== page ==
Implications of the recent High Court judgment where a freehold is sold or transferred without serving an offer notice on leaseholders in circumstances where a trust arrangement is in place.

The county court decision in Artist Court Collective Ltd v Khan last year attracted a great deal of publicity, as it provided a clear example of the potentially disastrous consequences of ignoring Part 1 of the Landlord and Tenant Act 1987 (1987 Act) when disposing of a residential or mixed use property. On appeal, the High Court overturned the county court decision, finding that this particular transfer fell within one of the exemptions in the Act. However, the 1987 Act remains a minefield for landlords and it is always worth leaseholders taking a careful look at any sales or transfers by their landlord, particularly where no prior notice has been given.

Part 1 of the Landlord and Tenant Act 1987 (1987 Act) gives “qualifying tenants” of flats in certain buildings a right of first refusal when their landlord proposes to make a disposal of its interest. Long leaseholders are qualifying tenants, but other tenants (such as Rent Act protected tenants or short term company tenants) also qualify. A landlord intending to make a disposal to a third party is required it to offer it first to the qualifying tenants, on the same terms as have been agreed and before exchange of contracts.

There are serious consequences for both parties for failing to comply with the 1987 Act. A landlord making a disposal in breach, without reasonable excuse, will be committing a criminal offence. Furthermore, once a disposal has been made in breach, the qualifying tenants have the right to undo the disposal and have the property transferred to them at the same price, meaning that the purchaser will lose its property and, depending on when this right is invoked, the price could be lower than the market value.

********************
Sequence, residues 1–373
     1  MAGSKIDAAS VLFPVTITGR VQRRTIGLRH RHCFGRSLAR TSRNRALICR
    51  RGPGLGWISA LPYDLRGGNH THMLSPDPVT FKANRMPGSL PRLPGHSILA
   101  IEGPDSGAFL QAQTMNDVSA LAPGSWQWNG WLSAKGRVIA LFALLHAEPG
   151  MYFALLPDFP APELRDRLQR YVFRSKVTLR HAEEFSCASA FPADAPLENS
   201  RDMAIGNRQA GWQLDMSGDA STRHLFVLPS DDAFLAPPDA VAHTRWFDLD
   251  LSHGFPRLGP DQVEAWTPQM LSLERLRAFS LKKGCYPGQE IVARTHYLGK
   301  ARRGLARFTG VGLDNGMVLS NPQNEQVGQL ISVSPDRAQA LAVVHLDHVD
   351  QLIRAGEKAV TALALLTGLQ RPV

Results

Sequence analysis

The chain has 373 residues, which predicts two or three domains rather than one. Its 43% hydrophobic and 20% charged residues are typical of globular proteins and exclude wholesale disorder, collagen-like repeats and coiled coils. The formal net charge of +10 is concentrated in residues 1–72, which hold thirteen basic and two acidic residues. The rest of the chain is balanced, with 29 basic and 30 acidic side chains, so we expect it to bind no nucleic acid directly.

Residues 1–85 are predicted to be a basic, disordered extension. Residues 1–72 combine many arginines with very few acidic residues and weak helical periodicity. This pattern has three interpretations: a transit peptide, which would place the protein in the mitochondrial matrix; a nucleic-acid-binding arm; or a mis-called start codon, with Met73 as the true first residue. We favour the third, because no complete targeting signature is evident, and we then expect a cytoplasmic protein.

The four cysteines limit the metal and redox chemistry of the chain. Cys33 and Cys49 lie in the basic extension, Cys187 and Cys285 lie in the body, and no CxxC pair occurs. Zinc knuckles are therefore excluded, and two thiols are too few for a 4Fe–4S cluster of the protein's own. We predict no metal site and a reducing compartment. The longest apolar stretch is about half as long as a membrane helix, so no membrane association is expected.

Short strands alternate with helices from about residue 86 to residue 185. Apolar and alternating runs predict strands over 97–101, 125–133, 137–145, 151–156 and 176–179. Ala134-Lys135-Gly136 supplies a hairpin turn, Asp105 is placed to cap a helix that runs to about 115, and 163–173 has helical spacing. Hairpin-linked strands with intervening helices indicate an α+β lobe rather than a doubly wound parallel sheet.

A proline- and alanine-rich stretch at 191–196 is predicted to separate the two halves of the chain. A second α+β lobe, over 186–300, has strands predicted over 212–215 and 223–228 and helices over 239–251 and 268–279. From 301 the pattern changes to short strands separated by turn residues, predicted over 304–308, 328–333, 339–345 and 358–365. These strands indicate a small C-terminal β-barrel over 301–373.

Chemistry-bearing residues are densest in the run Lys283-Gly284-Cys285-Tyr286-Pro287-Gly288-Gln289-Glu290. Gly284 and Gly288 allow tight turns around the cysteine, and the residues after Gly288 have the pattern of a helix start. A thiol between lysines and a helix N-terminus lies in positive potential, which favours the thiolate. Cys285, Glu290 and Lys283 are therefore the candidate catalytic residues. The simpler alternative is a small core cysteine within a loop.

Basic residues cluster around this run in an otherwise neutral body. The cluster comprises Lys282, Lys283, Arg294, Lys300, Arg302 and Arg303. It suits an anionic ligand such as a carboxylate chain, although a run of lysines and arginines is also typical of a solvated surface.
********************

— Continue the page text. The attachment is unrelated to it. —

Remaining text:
This case concerned a mixed use property in East London; commercial units on the ground floor with eight residential flats above, the latter let on long leases. In 2011, the landlord, Mr Khan, entered into what the judge described as a “strange sequence of transactions”. He had a company incorporated, SGR, which he controlled and shortly afterwards he transferred his freehold interest in the property to SGR for a consideration of £225,000. . It was later discovered that, four days prior to this transfer and unbeknown to the solicitors who drafted the sale contract, Mr Khan had entered into a trust deed with SGR declaring that when the freehold interest in the property was transferred to SGR, SGR would hold the property on trust for Mr Khan.

In contravention of the 1987 Act, Mr Khan failed to offer the freehold interest to the leaseholders and they only found out about the transfer when they sought legal advice about the use of one of the commercial units as a fish and chip shop. Having discovered the transfer, the majority of the leaseholders formed a company and served a purchase notice on SGR seeking the transfer of the freehold to their own company at the same price.

In an attempt to resolve the position, Mr Khan then arranged for SGR to transfer the freehold back to himself, this time for nothing. The leaseholders reacted by serving a further purchase notice on Mr Khan, again claiming the freehold but this time for nothing.